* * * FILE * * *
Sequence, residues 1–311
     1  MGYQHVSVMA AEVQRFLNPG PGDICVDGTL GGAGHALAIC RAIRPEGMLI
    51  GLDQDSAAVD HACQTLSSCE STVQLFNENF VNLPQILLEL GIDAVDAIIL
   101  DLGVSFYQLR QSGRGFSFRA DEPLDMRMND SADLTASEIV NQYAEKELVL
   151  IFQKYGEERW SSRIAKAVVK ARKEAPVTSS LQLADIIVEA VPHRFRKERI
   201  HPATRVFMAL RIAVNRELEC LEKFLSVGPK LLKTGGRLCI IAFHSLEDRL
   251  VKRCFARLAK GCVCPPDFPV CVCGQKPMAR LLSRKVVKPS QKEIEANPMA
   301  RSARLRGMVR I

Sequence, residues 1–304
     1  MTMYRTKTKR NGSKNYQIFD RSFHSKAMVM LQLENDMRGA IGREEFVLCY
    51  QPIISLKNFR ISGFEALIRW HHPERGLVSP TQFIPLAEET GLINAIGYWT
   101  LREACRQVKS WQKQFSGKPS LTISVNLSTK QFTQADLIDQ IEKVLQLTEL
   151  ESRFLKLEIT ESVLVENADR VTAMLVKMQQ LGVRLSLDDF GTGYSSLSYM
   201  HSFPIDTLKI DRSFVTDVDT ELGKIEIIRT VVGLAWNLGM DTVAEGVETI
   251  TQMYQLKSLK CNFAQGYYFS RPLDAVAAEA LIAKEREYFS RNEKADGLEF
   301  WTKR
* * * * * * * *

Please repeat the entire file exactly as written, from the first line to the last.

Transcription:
Sequence, residues 1–311
     1  MGYQHVSVMA AEVQRFLNPG PGDICVDGTL GGAGHALAIC RAIRPEGMLI
    51  GLDQDSAAVD HACQTLSSCE STVQLFNENF VNLPQILLEL GIDAVDAIIL
   101  DLGVSFYQLR QSGRGFSFRA DEPLDMRMND SADLTASEIV NQYAEKELVL
   151  IFQKYGEERW SSRIAKAVVK ARKEAPVTSS LQLADIIVEA VPHRFRKERI
   201  HPATRVFMAL RIAVNRELEC LEKFLSVGPK LLKTGGRLCI IAFHSLEDRL
   251  VKRCFARLAK GCVCPPDFPV CVCGQKPMAR LLSRKVVKPS QKEIEANPMA
   301  RSARLRGMVR I

Sequence, residues 1–304
     1  MTMYRTKTKR NGSKNYQIFD RSFHSKAMVM LQLENDMRGA IGREEFVLCY
    51  QPIISLKNFR ISGFEALIRW HHPERGLVSP TQFIPLAEET GLINAIGYWT
   101  LREACRQVKS WQKQFSGKPS LTISVNLSTK QFTQADLIDQ IEKVLQLTEL
   151  ESRFLKLEIT ESVLVENADR VTAMLVKMQQ LGVRLSLDDF GTGYSSLSYM
   201  HSFPIDTLKI DRSFVTDVDT ELGKIEIIRT VVGLAWNLGM DTVAEGVETI
   251  TQMYQLKSLK CNFAQGYYFS RPLDAVAAEA LIAKEREYFS RNEKADGLEF
   301  WTKR